It’s not fair, really, because a lot of the Euro styles are appreciable for their traditional roots.  And we learn a lot about brewing from European base styles.  But…I miss the feeling of hop resin on my teeth…I miss the lifting of a day’s stress you enjoy when you finish a 12-oz American Double IPA…I miss getting some convivial spirit out of a couple beers before getting full of carbs and carbonation.  It’s the hardcoreness of it all…the USA takes the cake in the hardcoreness.

And then the grocery bags.  I keep forgetting that not bringing a bag to the local supermarket in Europe means I’ll be walking down Googlymooglystrasse dropping loaves of bread, bottles of conditioner, Happy Hippos, and tampons all over the place.  It’s a shame, really.  Aside from “would you like another beer?” the only words I want to hear right now are “paper or plastic?”

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Munich: The Best of Times, The Wurst of Times

24 Jul

If this isn’t already starting to sound familiar, I am sitting on a leather couch in my hostel, thinking about the past week.  On the bright side, all these hostels have leather couches.  On the down side, I might be getting set in my ways.  I’ve spent the last week in Munich, once again getting to know a small city slightly too well.  Most people come here for a couple days only, but I’ll leave Friday and arrived last Friday.  It’s been fun.  Overall, I’ve experienced more food and beer in quantity, and the social scene has been a little more happening.  Also, the German culture is pretty different from the culture I experienced in Brussels.  Since I’ve enjoyed Munich so much, I will begin this post writing about the bad and the goofy of Munich and then proceed to reveal what I liked most about the place.  It’s only right, right?  You’ll see.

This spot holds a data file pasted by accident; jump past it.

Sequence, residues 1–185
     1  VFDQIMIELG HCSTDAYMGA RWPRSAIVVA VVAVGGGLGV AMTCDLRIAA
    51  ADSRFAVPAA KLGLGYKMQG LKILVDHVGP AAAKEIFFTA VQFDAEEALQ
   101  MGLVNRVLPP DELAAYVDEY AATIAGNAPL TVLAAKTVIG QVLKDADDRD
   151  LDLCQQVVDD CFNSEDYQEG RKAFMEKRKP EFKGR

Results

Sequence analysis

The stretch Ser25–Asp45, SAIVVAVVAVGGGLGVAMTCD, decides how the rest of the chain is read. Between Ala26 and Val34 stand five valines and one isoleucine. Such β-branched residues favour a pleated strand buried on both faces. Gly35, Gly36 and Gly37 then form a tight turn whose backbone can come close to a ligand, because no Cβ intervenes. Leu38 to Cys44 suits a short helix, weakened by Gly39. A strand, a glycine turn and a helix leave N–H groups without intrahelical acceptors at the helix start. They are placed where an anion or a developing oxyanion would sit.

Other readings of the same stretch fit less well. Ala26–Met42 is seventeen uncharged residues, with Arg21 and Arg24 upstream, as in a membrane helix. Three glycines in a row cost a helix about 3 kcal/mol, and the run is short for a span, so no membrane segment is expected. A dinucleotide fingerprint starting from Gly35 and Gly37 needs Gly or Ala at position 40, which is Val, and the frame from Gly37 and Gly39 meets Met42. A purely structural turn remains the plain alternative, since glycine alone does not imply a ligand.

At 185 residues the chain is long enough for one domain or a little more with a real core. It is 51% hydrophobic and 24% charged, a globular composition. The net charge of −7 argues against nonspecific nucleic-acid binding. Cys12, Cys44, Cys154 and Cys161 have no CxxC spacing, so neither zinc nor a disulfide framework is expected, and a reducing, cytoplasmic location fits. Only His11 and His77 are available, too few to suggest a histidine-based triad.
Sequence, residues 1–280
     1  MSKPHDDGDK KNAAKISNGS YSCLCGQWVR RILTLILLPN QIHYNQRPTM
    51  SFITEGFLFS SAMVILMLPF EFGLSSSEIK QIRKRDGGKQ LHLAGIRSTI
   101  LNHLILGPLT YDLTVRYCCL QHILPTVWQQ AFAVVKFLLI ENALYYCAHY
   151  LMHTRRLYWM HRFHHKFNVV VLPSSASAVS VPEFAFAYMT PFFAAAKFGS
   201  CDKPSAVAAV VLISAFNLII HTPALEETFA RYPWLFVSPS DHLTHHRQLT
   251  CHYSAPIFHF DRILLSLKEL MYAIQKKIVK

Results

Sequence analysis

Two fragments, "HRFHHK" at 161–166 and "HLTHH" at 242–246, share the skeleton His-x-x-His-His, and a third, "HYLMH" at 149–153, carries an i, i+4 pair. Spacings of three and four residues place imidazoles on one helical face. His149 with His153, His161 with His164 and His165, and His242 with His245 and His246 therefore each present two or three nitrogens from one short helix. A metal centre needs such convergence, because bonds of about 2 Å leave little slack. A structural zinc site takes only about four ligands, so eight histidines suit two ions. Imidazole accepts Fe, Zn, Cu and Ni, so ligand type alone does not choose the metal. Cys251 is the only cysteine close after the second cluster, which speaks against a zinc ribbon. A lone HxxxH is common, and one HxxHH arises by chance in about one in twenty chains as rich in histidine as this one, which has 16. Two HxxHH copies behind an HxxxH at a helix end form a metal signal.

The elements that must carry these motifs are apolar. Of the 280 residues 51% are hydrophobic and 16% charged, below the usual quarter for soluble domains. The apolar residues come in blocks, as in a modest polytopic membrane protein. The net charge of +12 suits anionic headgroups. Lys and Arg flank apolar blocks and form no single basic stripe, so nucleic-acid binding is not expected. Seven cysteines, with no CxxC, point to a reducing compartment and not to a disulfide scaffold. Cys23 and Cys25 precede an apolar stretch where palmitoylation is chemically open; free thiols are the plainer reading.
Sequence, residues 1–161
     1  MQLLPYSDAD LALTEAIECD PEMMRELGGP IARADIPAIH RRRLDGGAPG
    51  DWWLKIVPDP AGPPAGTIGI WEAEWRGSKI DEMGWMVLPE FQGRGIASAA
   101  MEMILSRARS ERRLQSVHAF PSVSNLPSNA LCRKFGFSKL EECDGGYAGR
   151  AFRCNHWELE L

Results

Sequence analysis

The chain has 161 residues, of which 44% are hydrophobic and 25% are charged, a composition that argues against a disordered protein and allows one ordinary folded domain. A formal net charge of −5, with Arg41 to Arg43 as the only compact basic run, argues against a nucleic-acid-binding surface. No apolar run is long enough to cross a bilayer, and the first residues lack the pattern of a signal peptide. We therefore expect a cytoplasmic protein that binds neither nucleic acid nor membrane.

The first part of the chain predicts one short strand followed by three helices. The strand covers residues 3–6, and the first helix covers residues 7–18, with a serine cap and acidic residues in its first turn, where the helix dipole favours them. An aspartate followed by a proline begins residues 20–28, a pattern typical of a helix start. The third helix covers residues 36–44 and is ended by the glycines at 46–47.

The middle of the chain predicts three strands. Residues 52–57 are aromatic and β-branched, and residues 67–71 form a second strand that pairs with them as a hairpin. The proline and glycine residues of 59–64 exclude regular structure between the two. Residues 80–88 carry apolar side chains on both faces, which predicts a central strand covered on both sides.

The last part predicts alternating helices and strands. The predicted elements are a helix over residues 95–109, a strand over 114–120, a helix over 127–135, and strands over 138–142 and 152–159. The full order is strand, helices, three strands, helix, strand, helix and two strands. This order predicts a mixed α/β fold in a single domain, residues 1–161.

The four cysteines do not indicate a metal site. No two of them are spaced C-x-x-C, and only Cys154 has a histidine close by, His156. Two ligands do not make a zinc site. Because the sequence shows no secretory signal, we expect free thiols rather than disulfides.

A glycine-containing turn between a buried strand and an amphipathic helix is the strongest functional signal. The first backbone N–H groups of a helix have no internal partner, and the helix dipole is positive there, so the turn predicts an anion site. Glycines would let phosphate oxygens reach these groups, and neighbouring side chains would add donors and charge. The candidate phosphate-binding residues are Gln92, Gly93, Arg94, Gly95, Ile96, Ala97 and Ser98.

Some of the main awkward and bad things about Munich are very strange:

  • I’ve noticed an oddly high number of single-leg amputees around here, including a dog.
  • I’ve also noticed quite a few people rocking gout ankles.  They may make up the pre-amputee crowd, but I don’t know.  Just a guess.
  • Germans are allowed to walk around with open containers and serve alcohol to 13 year olds, but no one will cross the street until the little man on the traffic light turns green.  Even if a car hasn’t passed in two whole minutes.
  • Germans will run you over with their bikes, no matter how obvious it is that you don’t know they’re coming.  (I have not been run over yet, but I’m guessing there’s some kind of 9-lives style expiration on my luck, since I’ve almost been hit about six times.)

Therefore, anyone who doesn’t want a high likelihood of having a leg amputation or getting run over by a bike…or having to wait to cross the street…should not stay in Munich for a very long time.

On the other hand, there’s something about Munich that has kept me in the city for the past five days; I could have done some day trips, but I seem to have a hard time leaving.  Now, that may be because the German language makes so little sense to me that I can’t fathom looking at a map for fear of getting a headache, but I’m not sure.  Most street names appear to sound something like Flabbergabberbundergartenstrasse.  That is slightly paralyzing.  I might have stayed here, though, because it’s kind of awesome.

Overall, Munich is a busy city with a very relaxed vibe.  I made friends with an Aussie dude from my hostel, and when we went to Munich’s English Gardens to grab a beer and stick our feet in the river, we noticed there was an alarmingly large German population lounging around like they were on vacation.  Did they have jobs?  Was it a national holiday?  We weren’t sure and never figured it out.  But if they were all employed, wouldn’t we all like to move to Munich and spend most of our time in the sun with a beer in hand?